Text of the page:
A FQHC visit is medically-necessary face-to-face medical or mental health visit or a qualified preventive health visit between the patient and a physician, NP, PA, CNM, CP, or CSW during which time one or more qualified FQHC services are furnished.  FQHCs include:

  • Community health centers
  • Migrant health centers
  • Healthcare for the homeless health centers
  • Health centers for residents of public housing
  • Health center program “look-alikes”

 

Telehealth Services

FQHCs are authorized to serve as an originating site for telehealth services if the FQHC is located in a qualifying area. An originating site is the location of an eligible Medicare patient at the time the service being furnished via a telecommunications system occurs. FQHCs that serve as an originating site for telehealth services are paid an originating site facility fee.

FQHCs are not authorized to serve as a distant site for telehealth consultations. A distant site is the location of the practitioner at the time the telehealth service is furnished. The cost of a visit may not be billed or included on the cost report.

 

FQHC Reimbursements

FQHCs set their own charges for the services they provide and determine which services to include in the bundle of services associated with each FQHC code. Charges must be uniform for all patients.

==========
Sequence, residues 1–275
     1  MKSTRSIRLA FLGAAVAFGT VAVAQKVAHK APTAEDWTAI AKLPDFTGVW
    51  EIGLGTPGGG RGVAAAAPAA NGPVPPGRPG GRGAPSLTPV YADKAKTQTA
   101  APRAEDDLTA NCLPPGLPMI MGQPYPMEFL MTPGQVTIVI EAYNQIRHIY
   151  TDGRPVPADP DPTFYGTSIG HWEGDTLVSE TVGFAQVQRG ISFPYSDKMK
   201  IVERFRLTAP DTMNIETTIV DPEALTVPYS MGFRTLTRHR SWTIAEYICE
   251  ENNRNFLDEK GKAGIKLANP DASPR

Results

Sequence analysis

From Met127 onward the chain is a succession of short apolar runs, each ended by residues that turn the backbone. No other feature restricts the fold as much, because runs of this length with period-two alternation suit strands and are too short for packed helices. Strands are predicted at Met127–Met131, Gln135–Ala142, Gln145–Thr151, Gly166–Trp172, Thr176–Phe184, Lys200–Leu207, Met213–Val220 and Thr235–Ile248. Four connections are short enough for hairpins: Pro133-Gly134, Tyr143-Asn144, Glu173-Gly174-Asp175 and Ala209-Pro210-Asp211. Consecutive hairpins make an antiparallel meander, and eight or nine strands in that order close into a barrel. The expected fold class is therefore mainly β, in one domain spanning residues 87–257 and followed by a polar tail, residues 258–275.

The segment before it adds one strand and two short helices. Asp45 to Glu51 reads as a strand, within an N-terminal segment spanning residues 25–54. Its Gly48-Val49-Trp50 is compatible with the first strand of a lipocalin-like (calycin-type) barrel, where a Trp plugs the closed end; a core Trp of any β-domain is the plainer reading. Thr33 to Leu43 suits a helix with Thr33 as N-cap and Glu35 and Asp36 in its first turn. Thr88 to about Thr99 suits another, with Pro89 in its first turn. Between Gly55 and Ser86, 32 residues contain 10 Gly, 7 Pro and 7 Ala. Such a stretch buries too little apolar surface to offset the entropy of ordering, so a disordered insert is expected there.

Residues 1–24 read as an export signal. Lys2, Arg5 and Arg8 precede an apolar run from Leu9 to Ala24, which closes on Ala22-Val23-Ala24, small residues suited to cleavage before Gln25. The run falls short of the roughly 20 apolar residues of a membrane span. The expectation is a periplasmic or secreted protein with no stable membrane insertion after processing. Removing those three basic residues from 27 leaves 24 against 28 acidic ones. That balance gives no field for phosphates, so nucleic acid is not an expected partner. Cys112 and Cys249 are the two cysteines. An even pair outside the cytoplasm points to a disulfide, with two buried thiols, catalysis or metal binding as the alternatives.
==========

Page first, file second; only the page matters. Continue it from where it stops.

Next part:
Payment is for professional services only. Laboratory tests and the technical component of billable visits are paid separately. Procedures are included int eh payment of an otherwise qualified visit and are not separately billable. If a procedure is associated with a qualified visit, include the charges for the procedure on the claim with the visit.

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It should be noted that I am not your lawyer (unless you have presently retained my services through a retainer agreement). This post is not intended as legal advice, it is purely educational and informational, and no attorney-client relationship shall result after reading it. Please consult your own attorney for legal advice. If you do not have one and would like to retain my legal services please contact me using the information listed above.

All of the information and references made to laws, regulations, and advisory opinions were accurate based on the law as it existed at this time, but laws are constantly evolving. Please contact me to be sure that the law which will govern your business is current. Thank you.

Reinstatement After A Healthcare Entity or Individual is Placed on the OIG and Florida’s Exclusion List

What is the Exclusion List?

The Office of Inspector General’s (“OIG”) list of Excluded Individuals and Entities (“LEIE”) provides information to the healthcare industry, patients and the public regarding individuals and entities currently excluded from participation on in Medicare, Medicaid and all other Federal healthcare programs.